High Court dismisses murder charges after ruling outnumbered man fought to defend his brother and himself

Tuku ange 'e he Fakamaau'anga Lahi 'a 'Aokalani' 'a Joshua Tongia mei hano faka'ilo ia ki he hia ko e fakapō 'o pehē na'a' ne fakahoko 'a e hoka hele' he 'uhinga ke malu'i hono sino mo hono tokoua'

The New Zealand High Court has dismissed charges of murder that arose from a fight between two groups in Auckland in December 2018.

Joshua Tongia was charged with murder and attempted murder.

In his summing up of the case Judge Edwards said that Joshua Tongia had been found unfit to stand trial.

Joshua was assessed as having an extremely low intellect and other cognitive difficulties which meant he could not give instructions to his counsel or effectively participate in the trial process.  He also suffers from paranoid schizophrenia which was diagnosed some time ago.  His condition has been successfully treated with medication for a number of years.  There was no suggestion that Joshua’s disability was connected to the offending in any way.

A finding of unfitness meant the court had to determine whether he was involved in acts that led to murder or attempted murder.

The fight that led to the charges took place after 11pm on December 7, 2018.  It involved two groups, the Siu group and the Tongia group.  The Siu group comprised six men, including Rima, who had been drinking all afternoon at the Lovelock Community Centre car park were quite drunk.

The Tongia group comprised Joshua and his brother, Misi,  Joshua’s sister, Emily and Misi’s partner, Kalina.  They were at home with two children asleep in one of the rooms.  The two women were having a few drinks in a carport at the front of the property.  Joshua was in his room, and Misi was around the front of the property.

Two of the Siu group, brothers David and Taufa, drove from the Community Centre back towards their home.  They pulled up and began yelling out to Misi.

Kalina and Emily were standing on the edge of the Tongia property yelling at the Siu brothers to leave.  Kalina was waving a baseball bat.  The altercation caused a neighbour to call the police.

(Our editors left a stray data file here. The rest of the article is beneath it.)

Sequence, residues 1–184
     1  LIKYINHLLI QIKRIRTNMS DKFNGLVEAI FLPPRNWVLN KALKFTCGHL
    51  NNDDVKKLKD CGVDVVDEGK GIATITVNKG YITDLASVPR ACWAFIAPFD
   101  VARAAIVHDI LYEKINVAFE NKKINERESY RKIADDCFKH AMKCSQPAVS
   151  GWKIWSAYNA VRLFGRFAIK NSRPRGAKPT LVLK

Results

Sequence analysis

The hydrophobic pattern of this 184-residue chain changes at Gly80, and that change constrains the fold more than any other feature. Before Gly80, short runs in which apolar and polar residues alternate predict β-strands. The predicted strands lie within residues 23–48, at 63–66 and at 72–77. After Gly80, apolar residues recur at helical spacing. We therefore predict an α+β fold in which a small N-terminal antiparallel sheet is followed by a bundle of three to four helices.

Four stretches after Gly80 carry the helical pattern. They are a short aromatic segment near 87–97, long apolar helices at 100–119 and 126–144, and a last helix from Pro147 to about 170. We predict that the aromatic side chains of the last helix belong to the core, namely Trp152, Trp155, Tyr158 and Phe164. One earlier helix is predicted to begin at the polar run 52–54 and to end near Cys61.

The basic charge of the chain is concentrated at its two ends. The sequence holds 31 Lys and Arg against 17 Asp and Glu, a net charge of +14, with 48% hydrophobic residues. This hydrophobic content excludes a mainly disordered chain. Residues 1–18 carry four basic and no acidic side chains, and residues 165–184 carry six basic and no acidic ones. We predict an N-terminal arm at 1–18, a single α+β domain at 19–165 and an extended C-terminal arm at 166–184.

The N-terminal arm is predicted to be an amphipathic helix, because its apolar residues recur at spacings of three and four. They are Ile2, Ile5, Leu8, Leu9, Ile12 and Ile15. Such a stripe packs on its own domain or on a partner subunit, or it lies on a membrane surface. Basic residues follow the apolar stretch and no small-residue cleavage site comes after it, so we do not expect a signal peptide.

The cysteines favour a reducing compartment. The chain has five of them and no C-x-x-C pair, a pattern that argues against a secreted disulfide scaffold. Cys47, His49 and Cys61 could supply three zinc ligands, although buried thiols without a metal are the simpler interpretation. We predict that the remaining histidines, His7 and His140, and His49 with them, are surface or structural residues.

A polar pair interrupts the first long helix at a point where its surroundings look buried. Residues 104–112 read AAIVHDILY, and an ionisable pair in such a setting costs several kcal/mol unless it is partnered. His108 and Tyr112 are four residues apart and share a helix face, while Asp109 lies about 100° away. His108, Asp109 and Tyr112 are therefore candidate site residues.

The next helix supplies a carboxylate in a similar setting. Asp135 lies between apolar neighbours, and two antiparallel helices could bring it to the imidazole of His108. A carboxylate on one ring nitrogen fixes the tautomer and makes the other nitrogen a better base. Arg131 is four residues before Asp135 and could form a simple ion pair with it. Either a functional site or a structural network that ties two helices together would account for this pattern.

The Siu brothers returned to the Community Centre and gathered the others before returning to the Tongia house. Misi came out and smashed in the front passenger window of one car with a baseball bat.  The Siu group got out of both cars.  One fled and the others  rushed to Misi and punched him  to the ground.  At any one time there were at least three, and up to five men beating Misi.

Kalina dragged one of the men off Misi.  Kalina saw Rima lying on the driveway.  He had been stabbed by this time.  She called out to the Siu group to stop fighting and look after him.  One of them stopped beating Misi and cradled Rima in his arms.

Taufa was stabbed while he was beating Misi.  After being stabbed, he drove home in one of the cars. One of the Siu group grabbed the baseball bat and used it to smash up Kalina’s car.

The police arrived shortly afterwards.  Joshua was not located at the house, but returned early the next morning and was spoken to by police.  He directed police to the knife which was found in his room and told police he was trying to protect his brother.

The court found that Joshua stabbed both Rima and Taufa.

When Joshua came out of the house holding a kitchen knife, his brother Misi was being kicked and punched. The judge described it as a vicious and potentially life-threatening attack.

The judge said there was no dispute that Taufa was beating Misi on the ground at the time he was stabbed.

“Joshua was outnumbered,” the judge said.

“Using his fists and pulling off one man at a time was neither a realistic nor effective alternative for stopping the attack.  Retreating to the house and calling the police was not an option either.”

Judge Edwards found that Joshua was acting to defend his brother, and himself, from the attack.  It was not a pre-meditated stabbing with an intent to kill.

“Nothing I say should be understood as condoning the use of a lethal weapon, such as a knife, in a fight,” the judge said.

“But in the particular circumstances that existed that night, I consider the way Joshua used that knife was proportionate to the existence and threat of very serious harm.”

The defence of self-defence applied to both charges. It was therefore found that Joshua was not involved in the acts that formed the basis of the charges of murder and attempted murder and the charges against him were dismissed.

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